Using Growth Regulator Herbicides For Burndown

Using Growth Regulator Herbicides For Burndown

Weed control may be improved when more than one active herbicide ingredient is included in a burndown application.

Weeds can be controlled prior to planting corn or soybean by using preplant tillage, herbicides, or both.

Weed control may be improved when more than one active herbicide ingredient is included in the burndown application. Burndown applications often include growth-regulator herbicides, such as 2,4-D. Both amine and ester formulations of 2,4-D are labeled for preplanting burndown applications, but the ester formulation is usually preferred over the amine formulation.

Using Growth Regulator Herbicides For Burndown

University of Illinois Extension weed specialist Aaron Hager explains, "The low water solubility of an ester makes it less likely to be moved into the soil by precipitation, where it could injure germinating crop seeds." Also, esters are better able to penetrate the waxy surfaces of weed leaves, so they provide better control of large weeds, especially when air temperatures are cool.

Beware of the differences between amine and ester formulations of 2,4-D

Some 2,4-D ester formulations can be applied without a waiting period before planting corn, while a seven-day wait is recommended for others. "When applied prior to planting soybeans, wait at least seven days between application of one pint per acre and planting, or 15 to 30 days between application of up to two pints per acre and planting," says Hager. "Pay careful attention to label statements of any 2,4-D formulation used prior to crop planting."

Some retail chemical dealers who do custom application might be experiencing difficulty acquiring sufficient quantities of 2,4-D to meet the need for burndown applications this spring. "Substituting an amine formulation of 2,4-D for an ester formulation is possible," Hager says, "but remember, there are significant differences between these formulations." Specifically, here are some of the differences:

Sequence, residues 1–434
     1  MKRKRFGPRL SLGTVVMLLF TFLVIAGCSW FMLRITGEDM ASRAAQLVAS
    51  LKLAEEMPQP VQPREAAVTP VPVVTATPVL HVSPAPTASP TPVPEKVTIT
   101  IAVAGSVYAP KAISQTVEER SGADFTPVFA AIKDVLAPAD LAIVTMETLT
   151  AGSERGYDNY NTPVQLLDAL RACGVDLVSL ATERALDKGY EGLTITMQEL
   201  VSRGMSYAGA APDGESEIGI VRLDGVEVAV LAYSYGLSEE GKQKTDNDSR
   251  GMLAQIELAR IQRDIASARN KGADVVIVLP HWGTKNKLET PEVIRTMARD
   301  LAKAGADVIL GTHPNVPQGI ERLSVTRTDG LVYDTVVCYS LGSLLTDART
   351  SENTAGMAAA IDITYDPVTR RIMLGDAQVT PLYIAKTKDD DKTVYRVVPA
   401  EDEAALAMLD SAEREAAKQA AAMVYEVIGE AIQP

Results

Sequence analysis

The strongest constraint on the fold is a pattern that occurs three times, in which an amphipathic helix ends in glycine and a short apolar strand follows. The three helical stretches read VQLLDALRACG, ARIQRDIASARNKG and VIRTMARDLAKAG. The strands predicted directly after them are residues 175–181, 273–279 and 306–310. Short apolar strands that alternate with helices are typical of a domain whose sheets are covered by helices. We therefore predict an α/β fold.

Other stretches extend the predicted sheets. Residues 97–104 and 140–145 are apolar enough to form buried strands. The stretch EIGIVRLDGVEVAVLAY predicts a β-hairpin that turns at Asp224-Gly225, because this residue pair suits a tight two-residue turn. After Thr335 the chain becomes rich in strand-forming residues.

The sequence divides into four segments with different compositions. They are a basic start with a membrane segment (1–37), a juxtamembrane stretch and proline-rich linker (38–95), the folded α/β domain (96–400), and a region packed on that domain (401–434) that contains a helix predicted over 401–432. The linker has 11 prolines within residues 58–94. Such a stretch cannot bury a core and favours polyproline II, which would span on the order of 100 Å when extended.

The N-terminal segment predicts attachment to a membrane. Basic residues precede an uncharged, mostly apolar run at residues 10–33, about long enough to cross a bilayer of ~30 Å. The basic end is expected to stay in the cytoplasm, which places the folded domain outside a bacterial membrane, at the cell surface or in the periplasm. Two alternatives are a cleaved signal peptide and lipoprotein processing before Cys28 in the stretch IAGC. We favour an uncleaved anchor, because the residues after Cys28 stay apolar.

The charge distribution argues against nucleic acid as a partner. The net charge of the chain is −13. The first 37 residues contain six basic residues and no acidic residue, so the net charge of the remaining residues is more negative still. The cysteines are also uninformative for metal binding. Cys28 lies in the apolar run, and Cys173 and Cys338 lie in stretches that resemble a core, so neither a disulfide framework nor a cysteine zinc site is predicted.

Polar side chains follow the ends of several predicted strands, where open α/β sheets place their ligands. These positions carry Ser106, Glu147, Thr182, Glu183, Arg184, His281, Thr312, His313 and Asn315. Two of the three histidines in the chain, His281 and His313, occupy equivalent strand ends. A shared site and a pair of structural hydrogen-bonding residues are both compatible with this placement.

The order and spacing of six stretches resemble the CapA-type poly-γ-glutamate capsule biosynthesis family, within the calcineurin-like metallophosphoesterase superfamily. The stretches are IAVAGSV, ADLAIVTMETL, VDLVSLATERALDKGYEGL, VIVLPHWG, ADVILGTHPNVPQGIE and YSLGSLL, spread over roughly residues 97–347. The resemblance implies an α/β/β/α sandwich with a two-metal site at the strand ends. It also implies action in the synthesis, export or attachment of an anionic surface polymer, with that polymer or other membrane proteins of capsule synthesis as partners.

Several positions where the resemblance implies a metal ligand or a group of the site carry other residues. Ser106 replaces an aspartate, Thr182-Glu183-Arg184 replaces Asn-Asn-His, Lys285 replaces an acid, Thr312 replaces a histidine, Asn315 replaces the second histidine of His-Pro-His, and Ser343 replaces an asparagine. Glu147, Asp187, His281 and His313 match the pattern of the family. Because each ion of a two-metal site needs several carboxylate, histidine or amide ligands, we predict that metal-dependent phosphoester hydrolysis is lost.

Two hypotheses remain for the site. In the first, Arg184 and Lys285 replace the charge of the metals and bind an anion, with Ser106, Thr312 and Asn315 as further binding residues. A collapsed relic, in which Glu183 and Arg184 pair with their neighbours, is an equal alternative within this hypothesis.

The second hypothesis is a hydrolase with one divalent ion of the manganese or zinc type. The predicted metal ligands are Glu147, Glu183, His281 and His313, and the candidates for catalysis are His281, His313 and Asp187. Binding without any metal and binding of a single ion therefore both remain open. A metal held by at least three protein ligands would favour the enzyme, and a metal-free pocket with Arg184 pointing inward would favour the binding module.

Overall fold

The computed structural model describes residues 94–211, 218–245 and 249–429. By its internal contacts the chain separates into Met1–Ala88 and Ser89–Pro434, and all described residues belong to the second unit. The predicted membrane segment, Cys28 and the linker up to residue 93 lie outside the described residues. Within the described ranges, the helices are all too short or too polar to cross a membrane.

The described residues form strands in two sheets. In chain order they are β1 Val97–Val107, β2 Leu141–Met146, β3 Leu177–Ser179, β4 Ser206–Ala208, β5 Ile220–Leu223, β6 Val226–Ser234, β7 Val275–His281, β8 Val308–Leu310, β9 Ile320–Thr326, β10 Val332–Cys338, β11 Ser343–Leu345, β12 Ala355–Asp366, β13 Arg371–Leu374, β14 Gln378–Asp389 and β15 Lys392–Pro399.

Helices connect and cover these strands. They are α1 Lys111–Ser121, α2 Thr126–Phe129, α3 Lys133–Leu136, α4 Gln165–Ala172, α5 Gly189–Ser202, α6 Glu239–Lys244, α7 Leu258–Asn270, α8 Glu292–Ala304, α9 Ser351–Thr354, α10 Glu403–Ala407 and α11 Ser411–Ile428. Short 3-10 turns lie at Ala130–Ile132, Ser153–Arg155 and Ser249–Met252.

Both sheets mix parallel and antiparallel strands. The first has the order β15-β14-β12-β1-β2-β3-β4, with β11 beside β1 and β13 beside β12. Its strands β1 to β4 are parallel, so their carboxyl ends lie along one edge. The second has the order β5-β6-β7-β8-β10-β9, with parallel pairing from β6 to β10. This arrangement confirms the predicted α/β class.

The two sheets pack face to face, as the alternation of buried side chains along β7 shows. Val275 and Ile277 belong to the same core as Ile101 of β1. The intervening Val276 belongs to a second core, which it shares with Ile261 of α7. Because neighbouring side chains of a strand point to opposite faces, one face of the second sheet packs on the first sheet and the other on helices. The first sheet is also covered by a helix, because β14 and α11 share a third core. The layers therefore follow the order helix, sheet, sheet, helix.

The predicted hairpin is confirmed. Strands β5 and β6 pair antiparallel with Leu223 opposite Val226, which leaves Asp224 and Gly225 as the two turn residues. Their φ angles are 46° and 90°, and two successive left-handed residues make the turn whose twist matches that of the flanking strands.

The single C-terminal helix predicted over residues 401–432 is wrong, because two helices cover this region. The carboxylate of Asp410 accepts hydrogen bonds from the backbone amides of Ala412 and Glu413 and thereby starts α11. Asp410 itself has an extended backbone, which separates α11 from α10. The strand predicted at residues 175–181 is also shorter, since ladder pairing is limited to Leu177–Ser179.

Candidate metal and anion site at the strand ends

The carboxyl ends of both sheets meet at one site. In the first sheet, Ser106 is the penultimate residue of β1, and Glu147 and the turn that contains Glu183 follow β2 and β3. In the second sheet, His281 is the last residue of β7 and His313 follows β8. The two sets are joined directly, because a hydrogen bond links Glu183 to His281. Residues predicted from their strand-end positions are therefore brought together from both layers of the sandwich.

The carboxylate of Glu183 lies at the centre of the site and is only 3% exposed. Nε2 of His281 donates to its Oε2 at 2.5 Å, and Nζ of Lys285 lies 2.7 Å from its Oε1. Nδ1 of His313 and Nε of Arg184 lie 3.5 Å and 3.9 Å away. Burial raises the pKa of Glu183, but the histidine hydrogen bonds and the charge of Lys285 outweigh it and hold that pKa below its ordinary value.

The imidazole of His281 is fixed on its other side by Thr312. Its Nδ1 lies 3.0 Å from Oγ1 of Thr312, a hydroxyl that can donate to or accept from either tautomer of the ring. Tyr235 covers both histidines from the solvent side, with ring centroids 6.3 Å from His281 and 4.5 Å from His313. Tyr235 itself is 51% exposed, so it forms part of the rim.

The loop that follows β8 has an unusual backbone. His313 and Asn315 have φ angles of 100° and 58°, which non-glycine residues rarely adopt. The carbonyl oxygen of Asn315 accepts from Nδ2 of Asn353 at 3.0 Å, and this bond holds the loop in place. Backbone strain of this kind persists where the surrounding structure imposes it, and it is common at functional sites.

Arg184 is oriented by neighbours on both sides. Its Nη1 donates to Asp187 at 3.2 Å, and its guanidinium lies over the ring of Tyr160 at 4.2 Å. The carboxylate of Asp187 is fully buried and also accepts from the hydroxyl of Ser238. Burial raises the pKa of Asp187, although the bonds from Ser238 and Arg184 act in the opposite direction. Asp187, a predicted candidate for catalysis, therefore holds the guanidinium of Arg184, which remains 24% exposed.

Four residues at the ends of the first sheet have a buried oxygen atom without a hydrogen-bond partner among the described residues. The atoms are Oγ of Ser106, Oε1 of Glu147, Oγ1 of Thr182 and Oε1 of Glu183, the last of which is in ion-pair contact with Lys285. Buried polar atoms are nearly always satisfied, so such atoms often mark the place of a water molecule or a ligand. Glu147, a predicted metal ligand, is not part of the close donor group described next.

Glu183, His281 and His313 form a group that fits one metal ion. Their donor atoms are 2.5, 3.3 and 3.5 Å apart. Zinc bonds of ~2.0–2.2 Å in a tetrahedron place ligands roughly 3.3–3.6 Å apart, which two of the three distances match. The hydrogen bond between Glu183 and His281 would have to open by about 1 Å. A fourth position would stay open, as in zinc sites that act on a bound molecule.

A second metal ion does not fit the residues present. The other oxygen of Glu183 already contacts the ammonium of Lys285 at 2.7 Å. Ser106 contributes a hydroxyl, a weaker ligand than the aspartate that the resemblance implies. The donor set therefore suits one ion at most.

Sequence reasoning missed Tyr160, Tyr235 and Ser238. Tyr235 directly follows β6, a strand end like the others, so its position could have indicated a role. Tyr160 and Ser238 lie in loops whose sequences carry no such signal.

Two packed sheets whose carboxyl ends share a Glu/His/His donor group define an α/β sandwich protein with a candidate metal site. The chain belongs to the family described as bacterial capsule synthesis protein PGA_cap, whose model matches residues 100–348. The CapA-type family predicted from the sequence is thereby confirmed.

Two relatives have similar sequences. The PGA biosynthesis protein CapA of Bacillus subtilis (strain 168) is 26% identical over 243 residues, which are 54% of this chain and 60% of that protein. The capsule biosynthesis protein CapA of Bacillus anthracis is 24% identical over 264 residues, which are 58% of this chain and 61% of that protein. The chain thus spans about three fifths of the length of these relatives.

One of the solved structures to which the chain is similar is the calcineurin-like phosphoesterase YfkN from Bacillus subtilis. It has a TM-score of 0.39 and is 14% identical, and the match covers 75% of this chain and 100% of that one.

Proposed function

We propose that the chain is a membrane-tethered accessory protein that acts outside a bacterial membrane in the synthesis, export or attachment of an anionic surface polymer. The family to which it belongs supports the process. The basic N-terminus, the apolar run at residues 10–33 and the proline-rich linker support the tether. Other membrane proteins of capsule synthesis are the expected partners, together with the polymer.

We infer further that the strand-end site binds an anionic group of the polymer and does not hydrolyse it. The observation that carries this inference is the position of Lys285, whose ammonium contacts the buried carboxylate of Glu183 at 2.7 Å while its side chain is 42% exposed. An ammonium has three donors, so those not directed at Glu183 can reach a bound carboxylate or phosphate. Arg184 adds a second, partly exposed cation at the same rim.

* Higher application rates might be necessary because an amine formulation does not penetrate the weed's leaf cuticle as easily as an ester formulation does.

* Amine formulations are less volatile but more water soluble than ester formulations, meaning that they are more likely to move into the soil after precipitation, increasing the likelihood of crop injury.

* The interval between application of 2,4-D amine and soybean planting is longer (15 days for one pint or less, 30 days for greater than one pint) than the interval with ester formulations.

What about using dicamba herbicide to control existing weeds before planting?

Dicamba is another growth-regulator herbicide used to control existing vegetation before planting. Several commercially available products contain dicamba, but not all of them are labeled for application prior to crop (especially soybean) planting.

"In comparison with 2,4-D, dicamba provides greater control of chickweed, henbit and prickly lettuce, comparable control of dandelion, and less control of horseweed and mustard species," said Hager.

Application rates used in burndown applications can impact the interval between application and planting. For example, Clarity can be applied at up to 16 fluid ounces per acre before planting corn (up to 8 fluid ounces on coarse soils or medium- and fine-textured soils with less than 2.5% organic matter) with no interval between application and planting. However, the 16-ounce use rate requires a minimum accumulation of one inch of precipitation and a 28-day waiting interval between application and soybean planting. An eight-ounce application rate still requires a minimum accumulation of one inch of precipitation, but the waiting interval is only 14 days. These intervals must be observed prior to planting soybeans or else crop injury might occur.

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